Moms around the country are slamming critics who say “just breastfeed” to circumvent the shortage of baby formula plaguing the US, while doctors say some conditions in infants or mothers require babies to be fed formula.
Moms who are struggling to feed their babies are tired of hearing critics telling them that all they need to do to solve the problem of a short supply of baby formula in the US is to “just breastfeed.”
As the shortage of baby formula drags on, some moms have had enough from critics, and even the World Health Organization (WHO) chiming in with the same “breast is best,”
Click on Detroit reported on Morgan Fabry, a 34-year-old mom, who has one simple thing to say to critics: “The bottom line is breastfed is best.”
Exclusive breastfeeding for the first six months is recommended and safe for most babies and is recommended by several health organizations, including the American Academy of Pediatrics (AAP), the American Medical Association (AMA), and the World Health Organization (WHO), Kids Health reports.
However, meeting those recommendations can be “very challenging,” says Dr. Lori Feldman-Winter, chair of the American Academy of Pediatrics’ breastfeeding group.
Despite critics hailing “just breastfeed” as the answer to the baby formula shortage in the United States, pediatricians, and health experts say that while breast milk is the best nutritional choice for infants, not all babies are able to consume mother’s milk.
Further, some conditions in the mother require that they avoid breastfeeding for the safety of the infant.
For those babies who require formula to survive, its availability – or lack thereof – is literally a life-and-death situation.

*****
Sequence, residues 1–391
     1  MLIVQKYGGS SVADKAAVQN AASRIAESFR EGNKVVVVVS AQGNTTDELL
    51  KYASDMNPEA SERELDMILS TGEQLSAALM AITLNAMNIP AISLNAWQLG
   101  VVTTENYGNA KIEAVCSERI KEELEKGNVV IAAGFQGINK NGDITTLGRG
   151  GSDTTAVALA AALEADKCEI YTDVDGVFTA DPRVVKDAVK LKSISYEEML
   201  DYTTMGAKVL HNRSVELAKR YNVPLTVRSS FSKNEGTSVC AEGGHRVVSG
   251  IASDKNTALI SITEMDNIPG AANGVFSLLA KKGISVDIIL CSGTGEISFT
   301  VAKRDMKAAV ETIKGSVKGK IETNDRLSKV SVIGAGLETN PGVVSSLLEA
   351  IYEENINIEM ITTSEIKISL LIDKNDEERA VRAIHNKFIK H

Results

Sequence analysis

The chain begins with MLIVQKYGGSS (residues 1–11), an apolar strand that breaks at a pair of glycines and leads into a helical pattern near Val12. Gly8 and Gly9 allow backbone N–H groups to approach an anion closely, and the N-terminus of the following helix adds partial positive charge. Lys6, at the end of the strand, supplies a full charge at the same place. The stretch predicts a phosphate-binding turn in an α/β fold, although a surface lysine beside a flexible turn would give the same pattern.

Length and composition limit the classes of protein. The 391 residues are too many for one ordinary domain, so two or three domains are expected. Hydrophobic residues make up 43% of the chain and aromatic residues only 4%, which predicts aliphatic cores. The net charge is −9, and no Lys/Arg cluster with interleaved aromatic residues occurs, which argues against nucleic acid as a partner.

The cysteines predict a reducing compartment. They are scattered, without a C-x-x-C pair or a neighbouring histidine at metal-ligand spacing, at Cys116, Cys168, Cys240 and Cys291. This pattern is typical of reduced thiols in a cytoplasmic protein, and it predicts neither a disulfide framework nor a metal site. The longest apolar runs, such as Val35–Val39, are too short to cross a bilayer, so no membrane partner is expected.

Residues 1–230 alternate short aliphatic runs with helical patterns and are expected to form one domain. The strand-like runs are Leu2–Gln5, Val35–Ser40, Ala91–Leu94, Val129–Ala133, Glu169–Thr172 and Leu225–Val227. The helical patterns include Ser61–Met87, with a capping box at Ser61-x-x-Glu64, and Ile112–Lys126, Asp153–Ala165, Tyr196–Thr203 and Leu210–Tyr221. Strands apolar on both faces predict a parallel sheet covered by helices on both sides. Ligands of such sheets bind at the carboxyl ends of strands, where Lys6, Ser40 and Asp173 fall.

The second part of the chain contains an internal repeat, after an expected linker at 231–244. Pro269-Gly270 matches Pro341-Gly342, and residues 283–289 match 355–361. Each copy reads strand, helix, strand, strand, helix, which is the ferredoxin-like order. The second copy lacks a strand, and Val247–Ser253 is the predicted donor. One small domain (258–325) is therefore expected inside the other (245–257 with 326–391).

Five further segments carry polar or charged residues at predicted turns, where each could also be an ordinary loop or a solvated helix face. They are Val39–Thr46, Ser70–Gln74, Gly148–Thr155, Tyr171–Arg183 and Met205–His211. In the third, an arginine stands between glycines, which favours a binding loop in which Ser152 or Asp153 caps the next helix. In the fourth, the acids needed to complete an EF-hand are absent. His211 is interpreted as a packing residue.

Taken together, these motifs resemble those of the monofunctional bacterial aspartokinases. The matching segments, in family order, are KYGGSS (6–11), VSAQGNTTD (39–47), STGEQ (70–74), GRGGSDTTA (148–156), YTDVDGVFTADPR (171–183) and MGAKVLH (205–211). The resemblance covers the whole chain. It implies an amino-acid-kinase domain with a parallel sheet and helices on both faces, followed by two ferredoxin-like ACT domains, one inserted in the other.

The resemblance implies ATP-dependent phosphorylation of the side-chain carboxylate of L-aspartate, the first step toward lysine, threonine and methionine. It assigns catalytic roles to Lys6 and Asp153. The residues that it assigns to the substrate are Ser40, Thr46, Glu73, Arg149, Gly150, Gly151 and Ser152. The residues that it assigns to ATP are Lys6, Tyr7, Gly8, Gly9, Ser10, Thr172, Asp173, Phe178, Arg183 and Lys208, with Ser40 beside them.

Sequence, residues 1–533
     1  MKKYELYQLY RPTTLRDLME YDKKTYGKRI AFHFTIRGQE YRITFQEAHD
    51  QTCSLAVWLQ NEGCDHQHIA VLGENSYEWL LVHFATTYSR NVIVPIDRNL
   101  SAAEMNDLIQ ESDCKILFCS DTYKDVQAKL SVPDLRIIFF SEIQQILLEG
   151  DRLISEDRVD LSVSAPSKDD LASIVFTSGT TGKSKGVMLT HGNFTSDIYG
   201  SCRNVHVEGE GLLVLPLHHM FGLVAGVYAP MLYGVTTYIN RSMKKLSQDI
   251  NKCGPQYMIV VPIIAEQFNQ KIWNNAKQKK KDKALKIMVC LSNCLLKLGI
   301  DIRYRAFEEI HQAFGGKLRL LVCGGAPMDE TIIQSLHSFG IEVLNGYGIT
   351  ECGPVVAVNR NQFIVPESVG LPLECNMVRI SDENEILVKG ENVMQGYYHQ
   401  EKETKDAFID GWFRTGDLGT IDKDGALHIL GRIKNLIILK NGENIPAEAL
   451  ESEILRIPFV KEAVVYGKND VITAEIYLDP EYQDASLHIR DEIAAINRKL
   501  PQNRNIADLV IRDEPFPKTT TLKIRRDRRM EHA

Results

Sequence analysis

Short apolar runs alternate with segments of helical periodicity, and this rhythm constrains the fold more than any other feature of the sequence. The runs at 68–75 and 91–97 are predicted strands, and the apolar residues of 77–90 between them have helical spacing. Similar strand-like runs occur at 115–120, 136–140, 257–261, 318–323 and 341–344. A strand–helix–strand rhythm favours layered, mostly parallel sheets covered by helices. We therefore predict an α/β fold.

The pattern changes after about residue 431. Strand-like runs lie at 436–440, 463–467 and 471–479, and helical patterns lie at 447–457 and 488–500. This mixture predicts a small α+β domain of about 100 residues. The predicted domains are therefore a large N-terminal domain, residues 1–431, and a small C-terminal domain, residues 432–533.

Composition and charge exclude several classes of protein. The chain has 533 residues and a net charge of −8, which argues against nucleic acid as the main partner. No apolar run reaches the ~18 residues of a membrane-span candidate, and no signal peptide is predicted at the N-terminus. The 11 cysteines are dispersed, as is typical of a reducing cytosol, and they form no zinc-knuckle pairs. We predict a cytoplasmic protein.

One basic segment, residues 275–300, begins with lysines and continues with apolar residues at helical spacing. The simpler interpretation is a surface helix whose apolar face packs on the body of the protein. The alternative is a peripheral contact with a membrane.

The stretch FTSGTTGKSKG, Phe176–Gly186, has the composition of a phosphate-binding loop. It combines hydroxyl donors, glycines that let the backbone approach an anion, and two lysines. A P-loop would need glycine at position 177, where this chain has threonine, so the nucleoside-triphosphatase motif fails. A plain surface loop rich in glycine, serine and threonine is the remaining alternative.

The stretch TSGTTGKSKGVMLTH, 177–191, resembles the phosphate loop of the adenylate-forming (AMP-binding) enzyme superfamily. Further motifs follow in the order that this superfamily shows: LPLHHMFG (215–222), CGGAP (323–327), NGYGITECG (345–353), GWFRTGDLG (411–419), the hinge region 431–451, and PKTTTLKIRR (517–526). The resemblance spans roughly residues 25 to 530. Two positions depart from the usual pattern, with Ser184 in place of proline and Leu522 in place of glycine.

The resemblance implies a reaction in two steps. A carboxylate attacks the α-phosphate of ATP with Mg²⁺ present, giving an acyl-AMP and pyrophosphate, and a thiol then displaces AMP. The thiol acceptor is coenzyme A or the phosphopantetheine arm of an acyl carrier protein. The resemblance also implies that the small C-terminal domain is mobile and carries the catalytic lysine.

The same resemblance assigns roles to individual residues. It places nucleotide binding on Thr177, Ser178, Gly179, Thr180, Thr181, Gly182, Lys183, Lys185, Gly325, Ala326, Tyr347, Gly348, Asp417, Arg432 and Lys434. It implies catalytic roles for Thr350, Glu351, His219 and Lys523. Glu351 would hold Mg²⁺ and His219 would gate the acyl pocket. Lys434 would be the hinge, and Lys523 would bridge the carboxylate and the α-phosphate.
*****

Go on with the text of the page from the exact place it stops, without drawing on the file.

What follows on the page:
Before breastfeeding, women should always check with their doctor about the safety of any medications or supplements they are taking, including over-the-counter products.
Women who have had breast surgery, particularly a reduction, could have difficulty with milk supply, as milk ducts could have been severed.
Mothers receiving chemotherapy or have medical conditions such as HIV/AIDS and receiving certain medicines can make breastfeeding unsafe.
Further, stress releases a hormone that can make it difficult to produce breast milk.
Although most babies can breastfeed, not all can. About 1 in 30,000-60,000 newborns test positive for what’s called classic galactosemia. Two other types are less common, according to MedlinePlus.gov. Classic galactosemia affects how the body processes galactose, a simple sugar present in breast milk.
Babies with galactosemia need to be fed with formula, Dr. Feldman-Winter said.
While supply chain issues are causing shortages of numerous products in the United States, a plant shutdown is viewed as one of the main factors in the shortage of baby formula nationally.
One of the largest domestic manufacturing plants for baby formula, owned by Abbott Laboratories, was shut down by the FDA over serious safety concerns after four infants suffered a rare bacterial infection. Two of those died, The Hill reported. However, the FDA is working with Abbott over the safety concerns, and pending approval, the plant could be allowed to reopen within two weeks.